But why would Malfoy come here? Why now?
The only thing for it, Harry decided, was to provoke the inevitable confrontation. He Disapparated, reappearing just behind Malfoy—who didn't start.
"It's about time you stopped skulking around and faced me, Potter," Malfoy groused, swinging around to display his empty, upraised hands, "my bollocks have retracted into my chest cavity while I've waited for you!"
"Warming charms were taught well before Sixth Year," Harry replied, holding, but not pointing, his wand in Malfoy's general direction.
"Right, but if I'd drawn my wand to cast one, you'd've hexed me."
"Can't fault your logic—what do you want?"
Harry blinked. "What, not tea and biscuits?"
"A ham roll would be nice."
"Your tastes aren't what they were since you became a fugitive, I see," Harry replied, sheathing his wand.
"You insult me," Malfoy replied, curling his lip. "I may not be the Dark—"
"Finish that sentence, and I will hex—"
"—Voldemort, but I'm not harmless."
"Doesn't the raised hands business imply you mean me no harm?"
Malfoy smirked. "You're still a presumptuous, arro—"
"Tell me what you want already—I need a slash."
"Oh, very nice. I don't suppose I could get that ham roll and then tell you?"
Harry considered. At least I won't have to pretend to be happy talking to Malfoy. "Fine. Yeah, come on," he said, gesturing for Malfoy to walk in front of him.
"I always knew you were—"
"You don't want to finish that sentence, either."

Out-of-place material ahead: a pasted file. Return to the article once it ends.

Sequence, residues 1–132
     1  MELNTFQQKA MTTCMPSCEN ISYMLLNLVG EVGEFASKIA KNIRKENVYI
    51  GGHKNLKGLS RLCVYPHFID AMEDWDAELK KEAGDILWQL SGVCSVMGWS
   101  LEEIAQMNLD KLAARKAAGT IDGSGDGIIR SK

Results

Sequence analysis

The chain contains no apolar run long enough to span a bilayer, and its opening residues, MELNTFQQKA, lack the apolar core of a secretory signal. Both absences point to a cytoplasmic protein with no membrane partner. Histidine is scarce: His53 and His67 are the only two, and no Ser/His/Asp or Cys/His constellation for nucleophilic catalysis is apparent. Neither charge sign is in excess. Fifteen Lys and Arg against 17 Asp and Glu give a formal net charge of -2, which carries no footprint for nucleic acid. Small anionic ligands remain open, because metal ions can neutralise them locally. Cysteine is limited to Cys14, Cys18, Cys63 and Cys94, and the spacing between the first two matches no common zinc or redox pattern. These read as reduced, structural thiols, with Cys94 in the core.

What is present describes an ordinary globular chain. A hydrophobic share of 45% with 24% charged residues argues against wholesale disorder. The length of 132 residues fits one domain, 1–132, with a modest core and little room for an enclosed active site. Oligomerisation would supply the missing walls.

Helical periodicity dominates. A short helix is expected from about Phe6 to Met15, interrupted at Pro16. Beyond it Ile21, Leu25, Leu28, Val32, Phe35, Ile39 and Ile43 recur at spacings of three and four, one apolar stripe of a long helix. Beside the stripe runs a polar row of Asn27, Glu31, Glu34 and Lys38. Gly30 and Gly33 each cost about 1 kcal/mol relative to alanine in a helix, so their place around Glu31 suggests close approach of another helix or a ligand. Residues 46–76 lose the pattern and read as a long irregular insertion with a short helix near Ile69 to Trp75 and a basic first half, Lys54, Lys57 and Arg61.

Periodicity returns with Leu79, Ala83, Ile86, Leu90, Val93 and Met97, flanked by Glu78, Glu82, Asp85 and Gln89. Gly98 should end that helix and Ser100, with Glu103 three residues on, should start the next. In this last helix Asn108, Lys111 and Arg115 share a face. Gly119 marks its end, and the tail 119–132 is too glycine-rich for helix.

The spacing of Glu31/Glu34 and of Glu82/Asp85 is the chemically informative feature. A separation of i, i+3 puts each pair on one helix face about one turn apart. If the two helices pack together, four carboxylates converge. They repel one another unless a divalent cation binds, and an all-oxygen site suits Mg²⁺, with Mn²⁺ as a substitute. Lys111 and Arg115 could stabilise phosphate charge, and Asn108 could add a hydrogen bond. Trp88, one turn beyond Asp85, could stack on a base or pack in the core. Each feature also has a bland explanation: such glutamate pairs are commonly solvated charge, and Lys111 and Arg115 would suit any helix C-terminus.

"No. I don't suppose I do."
Harry glared at Malfoy's back, shoving him up the walk of Twelve, Grimmauld. "In," he ordered, after opening the door. "Wand," he snapped, after shutting it.
Malfoy didn't argue with him.
"Dobby!" Harry shouted, as he pocketed the wand.
The house elf popped into the foyer and smiled. "Harry Potter has brought a guest!"
"Yeah, 'a guest'," Harry said, sourly. "Do we have any ham rolls?"
"Harry Potter has anything he likes!" Dobby exclaimed, vanishing.
"Kitchen," Harry said, turning to catch Malfoy mouthing Dobby's words. "Oh, stop it. I'm the sodding hero. Of course I can have whatever I like."
"Typical," Malfoy muttered, removing his sodden cloak and slinging it over his shoulder.
"Do you want the bloody ham roll or not?" Harry demanded, stalking toward the kitchen, thinking, Prob'ly shouldn't have my back to him.
Malfoy, however, followed Harry quietly and sat down at the kitchen table, which was covered in ham rolls. He'd eaten one before Harry had managed to sit down, himself. Together, they made short work of three plates of the rolls and two pots of tea before stopping to stare at one another.
"You'll fit right in," Malfoy said.
Harry reacted without thinking, and was soon rubbing his hand as he watched Malfoy pick himself up from the floor.
"Didn't know what?" Harry demanded.